"This is the golden age of something good," Taylor Swift sings on "State of Grace," the opening track of her Red album, and though she says the song is about the promise of a new relationship, it's difficult not to add additional import to the line — especially after hearing her fantastic new record in full.

Because this is an album she's spent her entire career building toward. Each hit she's scored, every award she's won and all the high-profile breakups she's endured have led to its creation. Red is, in every conceivable way, her bid for artistic freedom, not only her most mature and accomplished album, but also her most unapologetic. No longer content to be shoehorned into country, she fully embraces her pop side, working with Max Martin and Shellback on a trio of tracks. Not concerned with being cool, she disses hipsters and writes songs with dudes like Ed Sheeran (though she does have Arcade Fire pal Owen Pallett conduct the strings at one point). And undeterred by her age, or her critics, she fully shoulders the load, writing each of Red's 16 songs and — very prominently — taking a "creative director" credit in its liner notes.

In short, this is her album, on her terms. Her songwriting has grown by leaps and bounds, most notably on the standouts "All Too Well," a heart-wrenching breakup tune that is almost certainly about her relationship with Jake Gyllenhaal — mentions of a scarf he kept "Because it reminds you of innocence/ And it smells like me" and lines like "[You] used to be a little kid with glasses/ On a twin-sized bed" make it easy to play amateur detective — the deceptively simple "I Almost Do" and the aptly named "Sad Beautiful Tragic," a hushed, intimate number that (really genuinely sort of) recalls Mazzy Star's "Fade Into You" with its winsome vocals and blurry keys overlaid over a somber acoustic guitar.

And while songs like that will undoubtedly satisfy the purists, Swift's forays into pop might be somewhat more difficult to digest. And yet, they're equally strong. "I Knew You Were Trouble," her much-discussed exploration of dubstep, burns bright on keening keys and wooshing, whomping electro; "We Are Never Ever Getting Back Together" is the best kiss-off on an album full of 'em; and "22" provides a moment of levity, a song that promises "Everything will be all right/ As long as we keep dancing like we're 22" and features Taylor doing her best cool-kid impression ("Who's Taylor Swift anyway? Ewww") while the finest in electro-pop whirls and curls around her.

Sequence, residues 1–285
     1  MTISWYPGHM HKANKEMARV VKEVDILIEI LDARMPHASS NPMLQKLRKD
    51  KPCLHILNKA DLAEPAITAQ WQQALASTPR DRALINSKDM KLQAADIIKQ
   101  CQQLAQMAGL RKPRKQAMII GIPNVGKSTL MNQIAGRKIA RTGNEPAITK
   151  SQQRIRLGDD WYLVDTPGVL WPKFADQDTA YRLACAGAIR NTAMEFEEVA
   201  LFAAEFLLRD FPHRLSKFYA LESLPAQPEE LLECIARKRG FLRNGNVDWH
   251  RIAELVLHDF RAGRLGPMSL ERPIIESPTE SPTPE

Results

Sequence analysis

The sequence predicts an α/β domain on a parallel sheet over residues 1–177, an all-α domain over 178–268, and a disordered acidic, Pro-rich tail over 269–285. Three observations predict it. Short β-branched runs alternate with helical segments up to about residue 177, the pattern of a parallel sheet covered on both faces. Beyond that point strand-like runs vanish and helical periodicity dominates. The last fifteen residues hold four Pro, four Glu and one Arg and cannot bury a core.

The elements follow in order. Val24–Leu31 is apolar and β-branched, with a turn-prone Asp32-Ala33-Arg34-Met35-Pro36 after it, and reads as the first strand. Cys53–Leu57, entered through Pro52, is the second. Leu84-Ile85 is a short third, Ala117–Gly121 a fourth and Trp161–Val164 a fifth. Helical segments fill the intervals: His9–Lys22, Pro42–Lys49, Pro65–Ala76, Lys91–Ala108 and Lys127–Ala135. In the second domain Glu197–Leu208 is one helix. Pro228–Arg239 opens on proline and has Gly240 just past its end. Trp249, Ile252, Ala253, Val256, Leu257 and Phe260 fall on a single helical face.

Save for a few moments — "The Lucky One," which is about some famous forebearer of hers who ditches celebrity for a simpler life and "Starlight," a song made for joyous, exuberant dancing — Red is almost entirely about the subject of love, but Swift has never explored the topic with a keener eye or a sharper wit. And there are some instances where the album tends to drag, like the morose "The Last Time," which almost feels too heavy for Swift to lift, or the silly "Stay Stay Stay," which probably should have been demoted to bonus-track status. But with a running time of 65 minutes, that's to be expected — and it's nitpicking, considering the quality of the rest of the songs here.

It is interesting to note that, for all the relationship drama crammed onto the album, Red opens and closes with a pair of songs, "State of Grace" and "Begin Again," that are very much about the promise and hope of new love. And given how hands-on Swift was with every facet of its creation, I'm reasonably sure this was not a coincidence. In her final lines, she sings, "I've been spending the last eight months/ Thinking all love ever does is break and burn and end/ But on a Wednesday/ In cafe/ I watched it begin again," and you don't have to be a genius to infer what she's getting at: The show goes on.

And that's a fitting way to wrap up the album of her (still young) life. She's been through the wringer, she's been judged and criticized and dismissed, but she's emerged with a boatload of great songs and a defiant streak that's bound to serve her well for the foreseeable future. Red may be the beginning of her golden age, but really, it only sets the stage for things to come. And I'm willing to bet we'll be amazed by what's next.